"All our programs offer a scholarship
opportunity," he added. Scholarships
are awarded on merit and financial
need, Pollack said.
Students should also realize that the
expenses of study abroad can be lowered
by financial aid, Pollack said. With Uni-
versity grants and government loans, a
student can significantly compensate for
the expenses of going to a foreign
school. OIP usually provides study
abroad programs that cost as much or
less than tuition at the University, he
added. "The cost of our programs is
comparable to other academic institu-
tions," Pollack added.
But he also said students are often
sent to first-class universities, causing
some programs to be more expensive
than others. Whether or not students
pay for an expensive trip is up to them,
Pollack added, but they should also
know there are many other affordable
options to choose from.
- "There's a lot of misinformation out
there for study abroad," Pollack said. He
added that the best way for students to
learn more is to come in to the OIP
office and talk to an advisor.
Students can also look at Cultural
Experiences Abroad, a program that can
help them plan their educational oppor-
tunities overseas. Christie Turley, the
marketing manager of CEA, said stu-
dents should worry about the costs of
studying abroad, but that they should
also know it's affordable.
"The common misconception is that
it's too expensive." Turley said, adding
that study abroad is for educational cred-
it, so federal funds can be used to pay
for some of the costs.
"There are also plenty of scholarships
out there for study abroad - people just
need to look for them," she said.
Turley recommended that students
interested in studying abroad research
their options and the value of the pro-
grams they are interested in, as well as
the courses they wish to take. She also
encouraged students to go to the finan-
cial aid office to make arrangements to
pay for their study abroad activities
"Students also need to check with
their academic advisor to make sure
their courses will transfer," Turley said.
nior Rohini Pandhi and Medical School administrator Cindy Kamish
te while taking part in a yoga class held in the Michigan Union
fe Savers moves U.S. operations
LAND (AP) - After a 36-year run, the last
vers to be made in the United States are
ut of Michigan.
one U.S. factory that makes the candy will
riday as Kraft Foods Inc. consolidates its
fe Savers production at a Canada factory.
er employee Joyce Van Dam says the sweet
rnd memories, gradually have diminished dur-
months since Kraft announced its decision to
plant. "It's kind of an empty feeling whenever
there," she told The Holland Sentinel.
s decision to move Life Savers operations to a
square-foot facility in Mount Royal, Quebec,
he loss of 600 jobs and Holland's third-largest
Only 70 workers remain. Some will stay on
ing and security until the building officially is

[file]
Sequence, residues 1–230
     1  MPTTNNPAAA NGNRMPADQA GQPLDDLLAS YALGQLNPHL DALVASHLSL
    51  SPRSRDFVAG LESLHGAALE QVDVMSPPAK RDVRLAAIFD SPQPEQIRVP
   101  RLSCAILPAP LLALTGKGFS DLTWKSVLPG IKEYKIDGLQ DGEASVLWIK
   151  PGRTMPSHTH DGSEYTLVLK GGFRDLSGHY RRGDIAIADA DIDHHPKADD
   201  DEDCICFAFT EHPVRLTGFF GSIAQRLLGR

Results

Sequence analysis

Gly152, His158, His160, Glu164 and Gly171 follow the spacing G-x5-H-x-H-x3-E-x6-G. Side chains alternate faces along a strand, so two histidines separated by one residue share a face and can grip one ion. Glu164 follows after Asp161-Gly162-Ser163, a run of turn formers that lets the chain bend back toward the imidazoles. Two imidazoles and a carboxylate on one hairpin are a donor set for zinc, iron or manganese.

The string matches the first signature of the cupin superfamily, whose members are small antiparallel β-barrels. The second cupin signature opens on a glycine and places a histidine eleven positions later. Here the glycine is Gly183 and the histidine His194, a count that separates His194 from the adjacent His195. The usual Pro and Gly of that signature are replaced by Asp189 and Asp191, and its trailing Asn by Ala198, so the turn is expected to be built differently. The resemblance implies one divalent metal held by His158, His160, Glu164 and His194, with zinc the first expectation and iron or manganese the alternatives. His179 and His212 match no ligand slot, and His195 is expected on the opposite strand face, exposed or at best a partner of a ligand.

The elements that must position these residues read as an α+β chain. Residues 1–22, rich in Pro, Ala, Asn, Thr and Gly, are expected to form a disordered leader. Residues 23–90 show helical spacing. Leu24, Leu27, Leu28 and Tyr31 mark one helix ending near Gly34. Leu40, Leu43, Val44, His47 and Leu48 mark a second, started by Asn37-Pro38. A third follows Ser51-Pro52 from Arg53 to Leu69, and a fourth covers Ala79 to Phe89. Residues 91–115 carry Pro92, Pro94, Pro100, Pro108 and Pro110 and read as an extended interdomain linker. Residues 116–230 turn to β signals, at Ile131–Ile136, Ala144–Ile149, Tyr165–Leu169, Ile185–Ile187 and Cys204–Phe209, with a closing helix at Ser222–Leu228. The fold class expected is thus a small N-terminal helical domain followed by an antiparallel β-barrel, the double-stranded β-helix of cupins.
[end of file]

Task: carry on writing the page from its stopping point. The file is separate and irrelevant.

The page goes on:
d Kraft spokeswoman Cathy Pernu.
rutilization of the 450,000-square-foot Hol-
land plant and lower Canadian sugar prices were
cited as factors in the move.
Pam Geurink worked at Life Savers for 21 years
before leaving last October when hard candy rolls
production shut down. In the months after the closing
announcement, Geurink said it was tough coming to
work as the machines and workers who cranked out
lollipops and fruit rolls left. "It was heartbreaking to
see the jobs being taken away," she said.
The Retail, Wholesale and Department Store
Union Local 822 negotiated a two-year contract with
Kraft that provided a severance package for its 558
members and the U.S. Department of Labor agreed
to provide job search and financial assistance.
But the lost jobs also mean lost tax revenue for
Holland, its schools and Allegan County.
Holland assessor Glen Beekman says Kraft paid an
estimated $1.2 million in taxes to the area last year.
Kraft is expected to pay the city nearly $420,000
as part of a tax exemption Holland originally gave to
Nabisco for Life Savers building improvements,
equipment and machinery in 1997.
"If there is any positive news in a bad story, it is that
they have every intention of making good on the terms
of the agreement," Holland Mayor Al McGeehan said.
Holland-based Grubb & Ellis-Focus Properties
Inc., which has been marketing the plant for Kraft,
has said it is working on agreements with investors
interested in purchasing the building and possibly
leasing space for a number of industrial companies.
Geurink said even if the building is purchased,
Holland is losing a piece of tradition. But former
Life Savers employees will not forget the plant, and
plan to stay in touch with a monthly breakfast.
"You just don't wash away 20-something years of
friendship," she said.
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My name is Lindsey and
I'm a student at U-M.